EMB induces lysosome dilation and impairs autophagic flux in RGC-5 cells
Treating RGC-5 cells with 4 mM EMB induced cytosolic vacuole formation as soon as 1 h after exposure. To determine whether these vacuoles were derived from specific organelles, we stained RGC-5 cells with a dye specific for lysosomes (LysoTracker; Invitrogen), immunostained the cells with anti-LC3 antibody and then examined the cells via confocal microscopy. In the control cells, the lysosomes were small and very little LC-positive staining was detected (supplementary material Fig. S2A,C); in contrast, in the cells treated with EMB for 4 h, the lysosomes were significantly larger, and more punctate endogenous LC staining was observed (supplementary material Fig. S2B). The PKCδ inhibitor rottlerin inhibited EMB-induced vacuole formation and LC3-positive puncta formation in RGC-5 cells (supplementary material Fig. S2D).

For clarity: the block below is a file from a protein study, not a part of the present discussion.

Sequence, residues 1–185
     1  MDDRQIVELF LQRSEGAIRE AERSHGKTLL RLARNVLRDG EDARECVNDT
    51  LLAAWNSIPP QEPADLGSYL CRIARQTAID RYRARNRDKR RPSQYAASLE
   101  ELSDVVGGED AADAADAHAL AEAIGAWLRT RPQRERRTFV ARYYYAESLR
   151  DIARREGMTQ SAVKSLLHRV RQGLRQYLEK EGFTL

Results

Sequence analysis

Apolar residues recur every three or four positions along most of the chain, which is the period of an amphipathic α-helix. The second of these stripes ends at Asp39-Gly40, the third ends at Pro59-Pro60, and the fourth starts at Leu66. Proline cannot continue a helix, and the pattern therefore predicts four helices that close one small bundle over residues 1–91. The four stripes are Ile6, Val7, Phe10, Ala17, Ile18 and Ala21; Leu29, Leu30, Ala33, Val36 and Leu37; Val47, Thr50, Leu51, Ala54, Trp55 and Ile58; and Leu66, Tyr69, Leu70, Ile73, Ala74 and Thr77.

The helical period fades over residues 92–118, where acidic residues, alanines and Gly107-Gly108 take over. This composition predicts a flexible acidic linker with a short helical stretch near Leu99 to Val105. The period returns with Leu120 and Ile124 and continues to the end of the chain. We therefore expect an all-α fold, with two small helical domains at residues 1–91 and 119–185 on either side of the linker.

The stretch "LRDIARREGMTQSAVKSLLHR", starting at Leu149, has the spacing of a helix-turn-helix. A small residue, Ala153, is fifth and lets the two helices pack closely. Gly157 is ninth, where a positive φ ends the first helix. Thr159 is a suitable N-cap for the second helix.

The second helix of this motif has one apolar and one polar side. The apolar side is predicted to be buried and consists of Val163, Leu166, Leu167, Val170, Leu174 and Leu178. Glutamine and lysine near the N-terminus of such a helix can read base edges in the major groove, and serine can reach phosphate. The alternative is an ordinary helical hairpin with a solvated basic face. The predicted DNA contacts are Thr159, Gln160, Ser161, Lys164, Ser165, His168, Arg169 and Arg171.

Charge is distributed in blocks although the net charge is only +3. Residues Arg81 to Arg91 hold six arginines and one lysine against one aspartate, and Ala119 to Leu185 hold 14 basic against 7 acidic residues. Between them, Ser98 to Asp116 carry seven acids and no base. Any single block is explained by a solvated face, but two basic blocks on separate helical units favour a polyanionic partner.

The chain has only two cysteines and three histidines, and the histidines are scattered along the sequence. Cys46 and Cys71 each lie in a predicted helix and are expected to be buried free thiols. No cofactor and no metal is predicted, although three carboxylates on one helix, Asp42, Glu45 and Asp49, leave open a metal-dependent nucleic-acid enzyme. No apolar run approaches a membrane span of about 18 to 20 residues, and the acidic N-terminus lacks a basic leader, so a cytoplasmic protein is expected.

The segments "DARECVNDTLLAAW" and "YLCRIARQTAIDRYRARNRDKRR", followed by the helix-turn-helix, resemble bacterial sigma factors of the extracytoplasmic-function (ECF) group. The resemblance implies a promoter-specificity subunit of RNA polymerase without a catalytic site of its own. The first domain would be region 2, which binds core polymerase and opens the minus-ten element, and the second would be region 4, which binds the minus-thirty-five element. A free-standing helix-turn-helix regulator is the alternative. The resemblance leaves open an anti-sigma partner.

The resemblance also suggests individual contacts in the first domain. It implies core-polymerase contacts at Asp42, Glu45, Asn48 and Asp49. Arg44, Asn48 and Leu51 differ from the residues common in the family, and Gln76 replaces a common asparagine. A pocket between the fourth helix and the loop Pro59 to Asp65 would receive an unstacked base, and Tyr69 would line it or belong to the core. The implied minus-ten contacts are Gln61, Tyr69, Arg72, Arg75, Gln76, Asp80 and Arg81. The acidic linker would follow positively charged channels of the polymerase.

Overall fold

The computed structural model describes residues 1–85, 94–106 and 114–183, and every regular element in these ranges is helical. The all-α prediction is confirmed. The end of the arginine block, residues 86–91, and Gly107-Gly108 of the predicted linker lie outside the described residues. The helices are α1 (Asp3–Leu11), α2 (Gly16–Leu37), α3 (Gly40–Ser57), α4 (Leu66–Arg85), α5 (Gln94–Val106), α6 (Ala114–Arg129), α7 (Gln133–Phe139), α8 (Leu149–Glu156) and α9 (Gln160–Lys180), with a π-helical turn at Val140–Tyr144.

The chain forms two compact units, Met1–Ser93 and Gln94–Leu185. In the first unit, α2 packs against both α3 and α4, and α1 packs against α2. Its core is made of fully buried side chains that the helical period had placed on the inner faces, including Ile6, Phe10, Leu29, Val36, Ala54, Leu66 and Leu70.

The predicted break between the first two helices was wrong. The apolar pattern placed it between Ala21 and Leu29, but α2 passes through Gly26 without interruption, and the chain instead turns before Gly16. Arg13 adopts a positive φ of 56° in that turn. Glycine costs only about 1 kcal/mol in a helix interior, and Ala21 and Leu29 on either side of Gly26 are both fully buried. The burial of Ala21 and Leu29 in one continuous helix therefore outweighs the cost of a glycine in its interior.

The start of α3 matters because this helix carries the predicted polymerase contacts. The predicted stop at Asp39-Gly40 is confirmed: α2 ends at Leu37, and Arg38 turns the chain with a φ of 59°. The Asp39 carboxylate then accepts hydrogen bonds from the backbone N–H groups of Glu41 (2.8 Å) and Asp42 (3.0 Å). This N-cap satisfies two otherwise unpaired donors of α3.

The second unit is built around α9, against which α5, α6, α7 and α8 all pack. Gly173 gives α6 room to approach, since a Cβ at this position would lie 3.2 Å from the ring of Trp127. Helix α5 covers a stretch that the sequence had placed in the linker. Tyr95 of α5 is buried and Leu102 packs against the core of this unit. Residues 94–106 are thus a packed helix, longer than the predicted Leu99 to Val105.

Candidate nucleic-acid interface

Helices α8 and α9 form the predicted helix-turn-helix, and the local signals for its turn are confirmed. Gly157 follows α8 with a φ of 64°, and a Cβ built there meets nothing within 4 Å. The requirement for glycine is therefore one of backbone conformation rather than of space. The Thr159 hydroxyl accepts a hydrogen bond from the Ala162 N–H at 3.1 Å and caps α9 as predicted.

To investigate whether the EMB-induced cytotoxicity was dependent on autophagic flux impairment, we measured autophagic flux in RGC-5 cells using mRFP-GFP tandem fluorescent-tagged LC3 (tfLC3) (Kimura et al., 2007). Because of the different pH stabilities of the green and red fluorescent proteins, the GFP-LC3 loses its fluorescent signal within the acidic lysosomal environment (pH below 5), but the mRFP-LC3 signal persists. Fluorescence images of RGC-5 cells expressing tfLC3 showed yellow puncta (RFP+GFP+), which are indicative of autophagosomes, and red puncta (RFP+GFP−), which are indicative of autolysosomes.